Lindsay Romano Week 7 Post

There was a clear distinction made this week between “soft” and “hard” care that really spoke to me. Teachers who exhibit “soft care” are “Sympathetic … teachers who take pity on students’ social circumstances may have good intentions, but this may ultimately harm students as it lowers academic expectations” (Tichnor-Wagner & Allen, 2016, p. 410). On the other hand, hard care is seen as “…the combination of high expectations for academic performance that teachers place upon students (Katz, 1999) and [the] supportive, instrumental relationships between students and teachers” (Antrop-Gonzalez & De Jesus, p. 423). There is a fine line between soft and hard care and reading about the two concepts along with the examples of both displayed in schools further pushed my thinking. To embody hard care is to believe that our students are intellectually capable of rigorous learning. It is to believe they are capable, set high expectations, and then support them in reaching those expectations by building strong relationships grounded in trust. “Unless there is a fundamental belief that students are intellectually capable of meeting rigorous standards, other forms of caring will not work. Teachers may believe that lowering standards for students is caring when, in fact, they are inadvertently holding students back” (Rivera-McCutchen, p. 676). This quote demonstrates the necessity of mindset and belief in our students’ capabilities as a starting point for hard care. It also points to the challenge that I see in teachers adopting hard care in their classrooms, which is the confusion that lowering the bar and making the work less rigorous can feel or appear to look like care. I think that in order to embrace a firm belief in our students’ abilities, a critical examination of the role that race plays systemically in preventing some groups historically from accessing educational opportunities is imperative. “A critical care praxis begins by acknowledging that, to care for students of color in the United States, we must seek to understand the role that race/ ethnicity has played in shaping and defining the sociocultural and political conditions of their communities… To critically care for students, it is also imperative to interrogate and seek to alter the ways in which educational care is unequally distributed along racial/ethnic line” (Rolon-Dow, p. 104, 107). It is in this interrogation that we are able to acknowledge how systems of oppression have impacted our students and ourselves. It is through this interrogation, I believe, that we are able to check our own mindsets and when and if they are impacting the expectations that we are setting for our students.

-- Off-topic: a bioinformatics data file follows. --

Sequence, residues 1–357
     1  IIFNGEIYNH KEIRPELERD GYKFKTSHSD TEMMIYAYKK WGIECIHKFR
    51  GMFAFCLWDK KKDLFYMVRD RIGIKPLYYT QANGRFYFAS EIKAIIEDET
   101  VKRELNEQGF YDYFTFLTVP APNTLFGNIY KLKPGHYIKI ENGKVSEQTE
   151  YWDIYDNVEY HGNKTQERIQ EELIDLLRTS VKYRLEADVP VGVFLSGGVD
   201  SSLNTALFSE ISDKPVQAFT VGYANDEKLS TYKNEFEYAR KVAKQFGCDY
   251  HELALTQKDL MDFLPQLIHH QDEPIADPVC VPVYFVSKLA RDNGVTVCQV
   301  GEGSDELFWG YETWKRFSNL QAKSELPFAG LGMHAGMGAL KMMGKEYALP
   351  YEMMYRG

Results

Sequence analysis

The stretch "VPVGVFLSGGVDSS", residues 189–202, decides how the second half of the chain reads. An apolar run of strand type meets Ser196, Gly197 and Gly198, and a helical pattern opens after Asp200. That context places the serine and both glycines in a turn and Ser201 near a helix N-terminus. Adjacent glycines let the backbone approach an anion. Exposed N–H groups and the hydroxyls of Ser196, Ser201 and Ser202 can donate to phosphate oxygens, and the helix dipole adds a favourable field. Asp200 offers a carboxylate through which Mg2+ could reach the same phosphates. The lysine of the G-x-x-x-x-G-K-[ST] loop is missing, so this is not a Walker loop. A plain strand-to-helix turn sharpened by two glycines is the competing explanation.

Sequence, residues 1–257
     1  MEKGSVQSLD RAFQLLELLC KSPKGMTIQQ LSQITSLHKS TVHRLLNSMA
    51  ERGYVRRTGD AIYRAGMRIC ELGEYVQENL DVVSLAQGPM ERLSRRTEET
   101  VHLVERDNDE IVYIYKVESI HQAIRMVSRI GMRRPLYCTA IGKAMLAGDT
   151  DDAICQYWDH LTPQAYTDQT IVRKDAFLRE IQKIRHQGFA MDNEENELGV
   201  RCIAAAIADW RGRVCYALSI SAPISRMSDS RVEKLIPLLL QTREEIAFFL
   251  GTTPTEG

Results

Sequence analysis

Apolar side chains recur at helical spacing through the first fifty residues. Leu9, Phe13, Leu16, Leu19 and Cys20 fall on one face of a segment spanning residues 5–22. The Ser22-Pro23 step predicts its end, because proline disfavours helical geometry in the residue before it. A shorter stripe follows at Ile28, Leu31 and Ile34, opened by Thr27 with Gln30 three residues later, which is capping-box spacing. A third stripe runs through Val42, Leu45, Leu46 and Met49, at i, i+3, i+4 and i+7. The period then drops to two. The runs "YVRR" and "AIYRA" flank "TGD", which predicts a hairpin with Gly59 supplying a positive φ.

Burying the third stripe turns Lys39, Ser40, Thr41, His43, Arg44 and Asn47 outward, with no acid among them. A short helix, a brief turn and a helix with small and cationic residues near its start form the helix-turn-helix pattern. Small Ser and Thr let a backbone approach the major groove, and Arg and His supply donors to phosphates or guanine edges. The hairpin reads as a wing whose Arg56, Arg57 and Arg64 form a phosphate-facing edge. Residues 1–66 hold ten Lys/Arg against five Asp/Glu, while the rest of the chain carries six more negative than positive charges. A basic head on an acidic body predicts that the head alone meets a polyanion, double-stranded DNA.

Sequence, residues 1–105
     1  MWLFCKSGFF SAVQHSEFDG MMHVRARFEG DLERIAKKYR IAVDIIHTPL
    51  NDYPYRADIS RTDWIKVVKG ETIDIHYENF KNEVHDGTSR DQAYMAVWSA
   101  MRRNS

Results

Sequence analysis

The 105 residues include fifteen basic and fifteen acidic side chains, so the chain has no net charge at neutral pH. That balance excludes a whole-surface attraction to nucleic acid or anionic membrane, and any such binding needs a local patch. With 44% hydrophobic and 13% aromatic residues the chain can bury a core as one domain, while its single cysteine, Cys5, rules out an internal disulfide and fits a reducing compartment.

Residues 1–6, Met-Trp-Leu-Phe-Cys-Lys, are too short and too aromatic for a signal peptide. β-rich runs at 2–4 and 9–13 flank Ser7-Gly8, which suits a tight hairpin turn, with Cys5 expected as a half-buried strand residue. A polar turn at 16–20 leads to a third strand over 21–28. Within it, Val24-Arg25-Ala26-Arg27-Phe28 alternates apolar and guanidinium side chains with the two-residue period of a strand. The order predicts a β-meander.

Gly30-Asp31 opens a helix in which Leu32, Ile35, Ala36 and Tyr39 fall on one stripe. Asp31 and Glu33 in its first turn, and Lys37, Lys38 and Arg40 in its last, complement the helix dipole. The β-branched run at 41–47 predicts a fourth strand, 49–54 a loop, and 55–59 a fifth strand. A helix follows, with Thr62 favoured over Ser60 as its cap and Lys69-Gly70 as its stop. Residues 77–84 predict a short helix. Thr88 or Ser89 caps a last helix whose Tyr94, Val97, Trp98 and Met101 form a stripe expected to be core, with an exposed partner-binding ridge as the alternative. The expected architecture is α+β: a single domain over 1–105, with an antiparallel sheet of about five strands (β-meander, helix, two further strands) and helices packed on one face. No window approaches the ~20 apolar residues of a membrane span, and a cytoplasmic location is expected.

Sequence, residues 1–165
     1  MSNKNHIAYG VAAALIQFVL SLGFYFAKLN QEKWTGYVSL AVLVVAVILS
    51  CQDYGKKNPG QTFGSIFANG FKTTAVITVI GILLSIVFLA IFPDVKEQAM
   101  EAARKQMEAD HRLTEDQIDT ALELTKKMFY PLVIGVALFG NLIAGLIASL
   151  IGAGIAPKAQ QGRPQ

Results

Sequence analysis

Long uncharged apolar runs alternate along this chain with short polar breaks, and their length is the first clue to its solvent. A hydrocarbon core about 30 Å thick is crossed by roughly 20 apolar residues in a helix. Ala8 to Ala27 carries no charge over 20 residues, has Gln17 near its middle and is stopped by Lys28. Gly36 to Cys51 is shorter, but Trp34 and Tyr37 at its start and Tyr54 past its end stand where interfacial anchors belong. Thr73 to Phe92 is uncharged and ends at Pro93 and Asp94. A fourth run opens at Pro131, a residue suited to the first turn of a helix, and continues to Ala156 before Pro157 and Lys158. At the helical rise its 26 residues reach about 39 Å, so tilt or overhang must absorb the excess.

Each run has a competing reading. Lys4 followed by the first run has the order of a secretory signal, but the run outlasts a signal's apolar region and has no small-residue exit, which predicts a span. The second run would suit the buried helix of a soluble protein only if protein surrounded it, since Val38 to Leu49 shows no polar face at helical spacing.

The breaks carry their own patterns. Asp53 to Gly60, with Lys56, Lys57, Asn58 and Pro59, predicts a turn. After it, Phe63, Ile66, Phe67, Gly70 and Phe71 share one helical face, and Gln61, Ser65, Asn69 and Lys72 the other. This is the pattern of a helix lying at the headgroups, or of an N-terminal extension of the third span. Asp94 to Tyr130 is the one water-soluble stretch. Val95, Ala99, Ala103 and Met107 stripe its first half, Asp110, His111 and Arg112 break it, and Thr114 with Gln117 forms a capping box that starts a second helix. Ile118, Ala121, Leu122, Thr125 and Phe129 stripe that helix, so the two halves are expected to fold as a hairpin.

School leaders play an integral role in cultivating a culture of critical care in our schools. By making “changes to the vision that they promote and the programs they introduce in order to support their school in (a) forging strong interpersonal relationships between students, faculty, and administration and (b) holding high expectations for student success in high school and beyond” (Tichnor-Wagner & Allen, 2016, p. 410), leaders are able to ensure that teachers are moving towards hard care and are adopting a mindset and pedagogy grounded in critical care. I am left wondering about how school leaders can model hard care with their staff and how important it is that they uphold and model high expectations for their teachers so that it can trickle down to students.

1 thought on “Lindsay Romano Week 7 Post

  1. Mariatere Tapias

    Hi Lindsay!

    I was also really drawn to these ideas of hard and soft care. It is also interesting to see how you’re thinking about these concepts, now that I know you work with teachers. I’m curious to hear what you think about the use of hard and soft as descriptors. This reminded me of some of the questions that came up in class after watching, Lean on Me. I found the use of these terms questionable. That we need to ask ourselves why students of color need “hard” care and strategies to succeed? Why we continue to imagine soft as poor, weak, or lacking? I see soft as the direction we need to move in. Understood as being deep spaces for loving, learning, criticality, and transformation.

    Some thoughts and questions after reading your entry.

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